Illogical? Not exactly; I had a hunch that going further east would help me understand the west. You get a different perspective on something by seeing what it isn’t. I’d also been assured that members of my late father’s former in-laws, who lived in the city, would be happy to meet me.

The taxi from the airport made me homesick for the local bus from L’viv airport that weaves past the trams and ancient Ladas. Ruslana, sitting next to me on the plane, had warned me about Kyiv’s dangers, which I tried to take with a pinch of salt, but her story about an ex-neighbour found dead in the forest had set me on edge.

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Haystack Rakhiv Carpathians

The Ukrainian Centre of Europe: a visit to Carpathian Rakhiv

“Don’t forget to look after your bag and watch out for thieves!”

I reassured my cousins that I’d take care and I boarded the bus to Rakhiv, wiping condensation from the window to give one last wave. I fought an urge to haul my backpack off the bus and ask if I could stay another day or so. But I had a reservation in the mountains of Transcarpathia that could no longer be cancelled.

One of the best things about Rakhiv is the journey in and out. I was on a bus heading south from the Ivano-Frankivsk region and we were soon winding through the forests and open pasture of the Carpathians, past traditional wooden structures. More surprising was the billboard for Erotic Massage and the bizarre row of brand new terraced houses painted in primary colours that wouldn’t be out of place in Bristol.

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48 hours in: Lviv

A guest post I wrote for travel blogger Yellobrickroad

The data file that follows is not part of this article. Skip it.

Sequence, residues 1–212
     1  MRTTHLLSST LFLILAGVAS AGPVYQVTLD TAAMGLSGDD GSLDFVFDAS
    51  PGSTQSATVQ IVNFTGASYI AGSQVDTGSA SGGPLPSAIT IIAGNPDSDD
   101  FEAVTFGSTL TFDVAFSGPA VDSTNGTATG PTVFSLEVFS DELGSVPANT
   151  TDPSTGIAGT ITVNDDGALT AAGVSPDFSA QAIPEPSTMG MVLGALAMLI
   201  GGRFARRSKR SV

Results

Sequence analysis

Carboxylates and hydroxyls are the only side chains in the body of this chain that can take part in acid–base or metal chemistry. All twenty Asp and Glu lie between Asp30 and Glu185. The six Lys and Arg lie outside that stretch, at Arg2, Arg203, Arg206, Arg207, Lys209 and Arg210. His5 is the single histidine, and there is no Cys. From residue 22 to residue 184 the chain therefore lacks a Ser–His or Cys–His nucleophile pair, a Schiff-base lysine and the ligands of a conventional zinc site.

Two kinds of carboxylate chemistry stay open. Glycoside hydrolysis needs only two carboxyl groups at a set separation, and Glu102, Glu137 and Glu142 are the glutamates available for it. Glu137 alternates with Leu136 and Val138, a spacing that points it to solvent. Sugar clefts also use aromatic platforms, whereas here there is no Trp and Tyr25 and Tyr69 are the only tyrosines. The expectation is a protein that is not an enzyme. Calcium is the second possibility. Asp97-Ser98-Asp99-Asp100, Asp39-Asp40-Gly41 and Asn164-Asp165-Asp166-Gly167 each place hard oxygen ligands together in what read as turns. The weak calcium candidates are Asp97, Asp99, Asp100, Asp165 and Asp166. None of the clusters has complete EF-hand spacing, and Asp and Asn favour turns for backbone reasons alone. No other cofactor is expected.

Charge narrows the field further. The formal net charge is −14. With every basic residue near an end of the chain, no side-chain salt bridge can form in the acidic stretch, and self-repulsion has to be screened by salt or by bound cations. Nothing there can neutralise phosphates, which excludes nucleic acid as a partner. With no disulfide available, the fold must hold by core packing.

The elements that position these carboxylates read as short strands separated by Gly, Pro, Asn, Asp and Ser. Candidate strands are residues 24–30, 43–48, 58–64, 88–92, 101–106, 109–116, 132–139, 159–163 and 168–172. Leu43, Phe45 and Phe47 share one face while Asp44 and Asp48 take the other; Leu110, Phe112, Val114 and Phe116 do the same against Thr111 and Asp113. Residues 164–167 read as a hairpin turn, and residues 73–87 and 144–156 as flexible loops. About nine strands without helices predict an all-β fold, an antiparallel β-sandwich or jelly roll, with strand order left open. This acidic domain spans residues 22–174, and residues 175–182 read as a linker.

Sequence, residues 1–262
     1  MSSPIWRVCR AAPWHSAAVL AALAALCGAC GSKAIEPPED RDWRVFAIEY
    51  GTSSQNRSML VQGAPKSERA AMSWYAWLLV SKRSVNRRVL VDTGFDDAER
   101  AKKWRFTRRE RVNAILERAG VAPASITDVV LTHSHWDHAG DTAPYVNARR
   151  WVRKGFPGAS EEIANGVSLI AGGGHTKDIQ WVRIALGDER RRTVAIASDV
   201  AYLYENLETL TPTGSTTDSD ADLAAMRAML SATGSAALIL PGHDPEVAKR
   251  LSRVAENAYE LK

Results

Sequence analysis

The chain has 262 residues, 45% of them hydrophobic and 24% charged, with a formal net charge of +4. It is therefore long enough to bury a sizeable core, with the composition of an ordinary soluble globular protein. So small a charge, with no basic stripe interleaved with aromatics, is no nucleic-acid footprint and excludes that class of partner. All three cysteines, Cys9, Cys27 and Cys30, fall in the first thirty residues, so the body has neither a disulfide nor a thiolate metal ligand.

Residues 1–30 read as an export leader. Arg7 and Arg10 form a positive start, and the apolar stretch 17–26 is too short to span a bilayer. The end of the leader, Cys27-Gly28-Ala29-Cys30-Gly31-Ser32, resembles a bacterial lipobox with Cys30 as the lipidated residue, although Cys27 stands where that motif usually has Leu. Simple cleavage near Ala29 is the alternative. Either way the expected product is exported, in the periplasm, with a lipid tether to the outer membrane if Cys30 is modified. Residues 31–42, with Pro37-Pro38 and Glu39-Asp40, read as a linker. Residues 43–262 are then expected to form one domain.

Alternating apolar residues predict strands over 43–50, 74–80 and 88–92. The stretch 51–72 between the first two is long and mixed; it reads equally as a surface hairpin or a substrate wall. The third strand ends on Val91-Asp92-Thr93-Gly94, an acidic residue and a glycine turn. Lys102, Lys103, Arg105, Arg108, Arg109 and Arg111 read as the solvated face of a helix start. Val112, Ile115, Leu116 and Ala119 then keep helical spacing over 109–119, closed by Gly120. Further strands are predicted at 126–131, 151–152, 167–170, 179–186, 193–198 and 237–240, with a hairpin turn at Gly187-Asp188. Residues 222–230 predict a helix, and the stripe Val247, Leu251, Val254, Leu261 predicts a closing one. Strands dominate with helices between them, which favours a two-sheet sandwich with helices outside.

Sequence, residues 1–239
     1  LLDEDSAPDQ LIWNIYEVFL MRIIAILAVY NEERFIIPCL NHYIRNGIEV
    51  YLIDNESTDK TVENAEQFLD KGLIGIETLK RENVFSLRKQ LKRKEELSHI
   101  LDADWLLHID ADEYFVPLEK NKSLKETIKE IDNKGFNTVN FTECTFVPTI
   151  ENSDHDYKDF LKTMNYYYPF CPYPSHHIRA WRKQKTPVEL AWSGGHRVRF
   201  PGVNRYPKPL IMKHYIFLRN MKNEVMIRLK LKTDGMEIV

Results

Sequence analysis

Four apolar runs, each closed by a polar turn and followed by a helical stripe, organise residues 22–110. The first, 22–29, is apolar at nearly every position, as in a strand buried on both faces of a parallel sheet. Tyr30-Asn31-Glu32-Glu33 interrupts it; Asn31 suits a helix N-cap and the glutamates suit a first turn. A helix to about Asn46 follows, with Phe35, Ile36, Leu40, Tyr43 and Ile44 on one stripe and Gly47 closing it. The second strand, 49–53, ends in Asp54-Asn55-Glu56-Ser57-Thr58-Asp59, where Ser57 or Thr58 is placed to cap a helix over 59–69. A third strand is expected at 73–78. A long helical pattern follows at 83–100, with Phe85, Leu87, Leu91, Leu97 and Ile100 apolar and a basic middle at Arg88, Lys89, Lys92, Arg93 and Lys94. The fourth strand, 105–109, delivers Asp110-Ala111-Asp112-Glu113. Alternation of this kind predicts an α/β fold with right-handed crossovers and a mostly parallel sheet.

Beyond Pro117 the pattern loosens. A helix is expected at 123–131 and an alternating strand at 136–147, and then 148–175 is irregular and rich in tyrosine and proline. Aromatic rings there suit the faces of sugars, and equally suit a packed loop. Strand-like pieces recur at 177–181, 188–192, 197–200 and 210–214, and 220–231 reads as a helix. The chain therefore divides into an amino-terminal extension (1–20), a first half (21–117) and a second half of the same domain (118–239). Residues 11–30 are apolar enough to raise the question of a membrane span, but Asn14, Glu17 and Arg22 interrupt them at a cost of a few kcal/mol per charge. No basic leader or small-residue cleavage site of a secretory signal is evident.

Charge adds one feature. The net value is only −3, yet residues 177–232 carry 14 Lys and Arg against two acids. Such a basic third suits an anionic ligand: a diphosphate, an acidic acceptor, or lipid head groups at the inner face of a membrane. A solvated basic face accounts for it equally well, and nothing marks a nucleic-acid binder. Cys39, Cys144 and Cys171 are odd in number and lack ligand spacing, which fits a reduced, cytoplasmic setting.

yellobrickroad

With central European hotspots such as Krakow and Prague becoming overloaded with tourists, I recently visited Lviv, in Western Ukraine, for a short city break in December.

Formerly known as Lemberg, the city of Lviv was part of the Austro-Hungarian Empire until the end of the First World War, when it became Polish Lwów during the interwar period.

The city endured a tug-of-war status between Germans and Soviets in WW2, before the Soviets took control and it became part of the USSR. This all ended in 1991 when Ukraine became independent, and since then Lviv has become accessible and welcoming to visitors – with more speaking English than ever before. This is only going to increase, now that Ryanair fly direct from London.

Where to stay

I stayed in the Aparthotel Horowitz,whichisveryclosetothemainsquare. This location was great as it’s within walking distance to most sites and tons of dining options.

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Ivano-Frankivsk from the town hall viewing platform

Track changes, eastward bound: London to Western Ukraine by train

When I booked the eight trains spanning four days of travel from London to the formerly Polish ancestral village of my father (now lying within western Ukraine), I hadn’t realised that I’d be following the same route, more or less, that my father had driven us as a family in the late 1960s.

A wartime Polish exile, unable to visit his real homeland when it became part of the USSR, he would drive us to Poland as a second-best option. Back then it involved what my nervous mother referred to as ‘going behind the Iron Curtain’ that divided the West from the communist East. I remember hours standing next to the car at checkpoints as unsmiling DDR border guards pulled out the back seat and slid mirrors beneath the chassis. Long days were spent driving along the transit corridor through the forests of East Germany and Poland, where small crowds would gather whenever we stopped, and I had the job of handing out sweets and oranges to the wide-eyed children.

Some fifty years later I decided to travel east again, although this time it was possible to keep going into Ukraine, to the town closest to my dad’s village – the town of Ivano-Frankivsk, closed off by the Soviets until the early 1990s.

The lack of direct flights to western Ukraine gave a good excuse to do it by train.  Ryanair’s forthcoming route to Lviv will win for speed and price, but a couple of hours strapped into a budget aircraft will hardly convey the same sense of travelling through central Europe to the east.  And a train trip encourages some wonderfully atmospheric stopovers. Just don’t expect it to be restful.